There were the pyramids and the museums that showed what my ancestors had done. I visited churches that looked like my own church in East Los Angeles. I saw the Virgen de Guadalupe statues everywhere, just like home. In my family’s homes, everyone had at least one Virgen de Guadalupe statue or picture on the altar. I went to a cafe and drank café con leche just like my Grandma Loya used to give me. I watched the people, listened to the music, heard the Spanish, and I felt at home. I saw the elegance and grace of my cultura in a whole new way. In my late twenties, my MEXICAN-American stage began.

When people said, “But you don’t look Mexican!” I didn’t thank them. Instead I replied, “Oh, what does a Mexican look like? My grandfather and uncle and aunt were light skinned and redheaded. I have one aunt who was blonde and green eyed and I have uncles and aunts who are dark skinned and dark haired. So what does a Mexican look like?”

So I had gone from being a Mexican American to a Mexican AMERICAN and, now, a MEXICAN American.

A few years after I went to Mexico, I moved to Northern California. I missed being around people of color. The only people of color were the Native American tribes, and they rarely left their reservations. I missed being around people of color. Then, I was invited to go to a Native American ceremony. The first time I went, I was stunned. All the old people looked like my tías and tíos, aunts and uncles. There was tía Neni, tía Licha, and tío Loli. They all were brown skinned and brown eyed, and the women were bossing everybody around and acting as if they weren’t. It made me feel so at home. I went as often as possible to the ceremonies. I loved the dancing, the chanting, the music. I loved the rhythms. But they weren’t my rhythms. I began my return to my heritage with my trip to Mexico and I continued my search for my own rhythms by going back to East Los Angeles and really looking and listening.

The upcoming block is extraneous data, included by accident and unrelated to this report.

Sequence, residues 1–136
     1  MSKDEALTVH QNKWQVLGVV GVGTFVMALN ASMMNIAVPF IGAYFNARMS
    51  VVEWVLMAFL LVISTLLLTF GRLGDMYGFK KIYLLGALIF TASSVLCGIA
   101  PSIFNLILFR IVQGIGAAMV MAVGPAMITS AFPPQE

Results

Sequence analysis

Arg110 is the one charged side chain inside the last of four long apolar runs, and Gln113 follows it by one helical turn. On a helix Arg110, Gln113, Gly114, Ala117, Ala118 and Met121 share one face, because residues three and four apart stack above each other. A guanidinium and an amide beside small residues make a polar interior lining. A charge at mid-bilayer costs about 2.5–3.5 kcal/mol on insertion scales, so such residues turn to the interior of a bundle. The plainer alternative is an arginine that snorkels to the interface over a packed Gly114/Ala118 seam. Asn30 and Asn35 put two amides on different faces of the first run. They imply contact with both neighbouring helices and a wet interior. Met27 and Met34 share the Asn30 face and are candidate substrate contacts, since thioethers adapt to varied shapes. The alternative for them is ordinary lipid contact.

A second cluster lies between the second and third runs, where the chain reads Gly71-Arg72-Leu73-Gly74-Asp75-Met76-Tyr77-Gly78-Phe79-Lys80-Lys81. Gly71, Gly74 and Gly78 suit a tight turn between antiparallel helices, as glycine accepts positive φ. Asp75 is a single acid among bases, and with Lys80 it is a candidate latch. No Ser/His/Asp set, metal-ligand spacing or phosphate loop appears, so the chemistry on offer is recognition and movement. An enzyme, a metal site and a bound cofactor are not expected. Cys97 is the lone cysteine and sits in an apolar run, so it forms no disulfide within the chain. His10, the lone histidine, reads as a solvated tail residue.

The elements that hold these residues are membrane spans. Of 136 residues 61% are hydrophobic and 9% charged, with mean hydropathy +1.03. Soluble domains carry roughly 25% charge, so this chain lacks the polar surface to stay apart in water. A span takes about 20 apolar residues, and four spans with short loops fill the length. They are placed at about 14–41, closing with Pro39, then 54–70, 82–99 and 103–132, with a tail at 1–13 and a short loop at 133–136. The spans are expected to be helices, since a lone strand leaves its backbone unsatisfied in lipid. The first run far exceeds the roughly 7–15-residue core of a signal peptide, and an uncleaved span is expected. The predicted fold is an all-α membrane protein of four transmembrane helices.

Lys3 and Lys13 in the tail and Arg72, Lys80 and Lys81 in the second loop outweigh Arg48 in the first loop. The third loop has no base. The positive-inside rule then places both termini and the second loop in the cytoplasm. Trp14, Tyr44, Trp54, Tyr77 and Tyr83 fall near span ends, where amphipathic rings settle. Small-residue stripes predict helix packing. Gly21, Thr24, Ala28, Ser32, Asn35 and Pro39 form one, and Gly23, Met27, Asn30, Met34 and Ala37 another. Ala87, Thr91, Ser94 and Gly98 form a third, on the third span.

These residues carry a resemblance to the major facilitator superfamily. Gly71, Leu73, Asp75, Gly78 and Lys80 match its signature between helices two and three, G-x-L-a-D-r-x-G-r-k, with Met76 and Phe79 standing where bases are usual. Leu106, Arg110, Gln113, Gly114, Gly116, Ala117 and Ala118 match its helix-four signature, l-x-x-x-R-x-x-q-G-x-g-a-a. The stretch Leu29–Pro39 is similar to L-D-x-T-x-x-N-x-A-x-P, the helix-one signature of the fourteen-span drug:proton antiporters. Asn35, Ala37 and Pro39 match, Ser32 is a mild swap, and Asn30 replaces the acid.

As I walked the streets of East L.A. as an adult, I heard the rhythms of the Spanish language, of the cumbia, ranchero, and salsa music coming out of houses and cars as I walked around. I saw brown people who looked like they had just come from Mexico walking along the streets with Mexican Americans whose families had been here for generations. I saw a proud people doing the best that they could. At family gatherings I saw love and the vitality.

I looked at East Los Angeles and I saw the beauty!

Then I discovered the Chicano world. I was glad we CHICANOS were exploring our indigenous past and feeling pride for our people and our land. I felt pride in having Indian blood. After all, I had gone to Mexico and seen the grandeur of my ancestors. However, my family didn’t like it. They said, “y qué es eso? Eres mejicana. Eres Americana. Pero no eres Chicana. And what’s this? You are Mexican. You are American. But you are not Chicana.”

I said to them, “But Mom, Dad, I want to feel pride for my ancestry. I mean, we’ve got some great ancestors—the Aztecs, the Toltecs, the Mayans, the Veces, the Tarahumaras.”They said, “No, you are not calling yourself a Chicanain our house. You are American. You are Mexican. You are not an Indian.” But I argued: “But don’t you get it? A Mexican is a mezcla, a mix of Indian and Spanish. The best of both are in the Mexican.”

“We don’t care. You will not call yourself a Chicana in this house. Just think what your grandparents would say!” SO I was a Mexican American, Mexican AMERICAN, MEXICAN American, CHICANA. Then, came the word Hispanic. His panic. Her panic. Whose panic? I know I am not Hispanic. When I first heard that word, I felt as though the government was trying to box me in with another label. I didn’t need any more labels.

Then people started using the term “Latino” more and more. I thought, “Oh no, here we go again!” One day I asked my daughter, “Maya, what does “Latino” mean to you?”She looked at me and said, “Can I get back to you?”

A few days later she came over and said, “I think being a Latina means anyone who uses a language with Latin as its root.” She thought for a while longer, “But if I say I am a Latina, you know I speak from a Latin-based language but you don’t know where I come from.”

“Hmm,” I thought, “this just gets more and more interesting.”

All my life I have been in a state of Nepantla. Between worlds. Mexican American. Mexican AMERICAN. MEXICAN American. Chicana. Latina. Now I am orgullosa de mi cultura, proud of my culture, orgullosa de mi idioma, proud of my language, orgullosa de mi misma, proud of myself. I walk the world between worlds and I am comfortable wherever I am.